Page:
By Nina Ying Sun, Plastics News Staff?
San Diego, California-The world has changed.
Detroit's Big Three automakers remain mired in difficulty, and unprecedented challenges are sapping the strength of the supplier industry.
"The world has turned upside down," IRN Inc. president Kim Korth said.
The Grand Rapids, Michigan-based consultant analysed the changing environment for automotive suppliers in her presentation at the Plastics News Executive Forum, 25-28 Feb in San Diego. And many of her points, she said, apply to processors serving other sectors as well.
"Most suppliers do struggle to remain profitable, and the outlook for large portions of certain sectors - straight stampings and simple plastics, for example - is grim," Korth said.
At a macroeconomic level, personal- and household-debt burdens finally may have reached their limits. Commodity prices have been extremely volatile, and the new-vehicle consumer price index reveals deflationary pressures. Declining manufacturing segments have been largely unable to pass price increases along to consumers. Although high gas prices have not greatly influenced purchasing habits, new-home sales, which IRN says historically correlate with those for pickup trucks, may signal a chilling in the auto market. And, she said, unfortunately the market is likely to decline further this year before it rebounds.
Meantime, the new domestic automakers - Japanese, South Korean and German transplants - have seen steady growth in North America.
In the latest example, on the day after Korth's presentation, Toyota Motor Corp. announced a $1300 million investment to build a new vehicle assembly plant near Tupelo, Mississippi. The Japanese value chain is winning for good reasons, she said.
"They have consistency of vision and execution and a focus on cost vs. price. They understand the cost is primarily set in the design phase and, therefore, look for breakthroughs through design and change the cost structure," Korth said. She noted Japanese carmakers currently have targeted cost cuts of 20-35 percent.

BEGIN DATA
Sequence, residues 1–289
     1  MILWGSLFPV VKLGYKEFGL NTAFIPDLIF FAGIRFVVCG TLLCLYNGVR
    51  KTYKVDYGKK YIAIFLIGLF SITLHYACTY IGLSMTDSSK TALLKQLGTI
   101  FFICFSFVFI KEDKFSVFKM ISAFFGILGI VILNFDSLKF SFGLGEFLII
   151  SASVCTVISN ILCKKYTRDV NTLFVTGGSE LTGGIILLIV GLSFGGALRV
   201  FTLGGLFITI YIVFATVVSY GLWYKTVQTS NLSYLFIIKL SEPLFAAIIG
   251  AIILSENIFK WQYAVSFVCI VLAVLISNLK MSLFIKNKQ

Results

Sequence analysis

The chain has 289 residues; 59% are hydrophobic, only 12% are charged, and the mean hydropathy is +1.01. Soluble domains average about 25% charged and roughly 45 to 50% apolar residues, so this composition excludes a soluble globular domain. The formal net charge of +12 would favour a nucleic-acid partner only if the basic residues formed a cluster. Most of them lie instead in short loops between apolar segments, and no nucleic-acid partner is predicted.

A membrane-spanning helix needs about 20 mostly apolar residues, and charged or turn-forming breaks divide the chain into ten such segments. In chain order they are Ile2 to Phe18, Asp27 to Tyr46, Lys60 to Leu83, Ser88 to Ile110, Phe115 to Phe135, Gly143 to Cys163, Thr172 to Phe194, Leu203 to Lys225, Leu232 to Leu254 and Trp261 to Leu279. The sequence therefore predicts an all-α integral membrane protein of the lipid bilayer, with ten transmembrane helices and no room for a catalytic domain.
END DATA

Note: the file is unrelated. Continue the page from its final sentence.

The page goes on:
"Depending on the company, either engineering or manufacturing drives the key decision; therefore, product decisions are rarely sacrificed for short-term financial gain, and product design and execution are much more integrated and seamless," she said.
Ultimately, it is the product that wins customers.
Korth said the overall key to Japanese success in North America in the past 10 years has been the ability to design products that American consumers want to buy and buy again, because of experiencing few quality problems. Japanese automakers succeed so consistently because of an effective program launch process and an ability to provide a high degree of product customization at mass-market pricing, she said.
Despite the downturn of the consumer market, the mere size of the auto supply industry still creates opportunities. "The good news is: The scale of this industry, which is valued at $950 000 million worldwide, is so vast that there can still be large numbers of highly successful suppliers when the overall industry is struggling."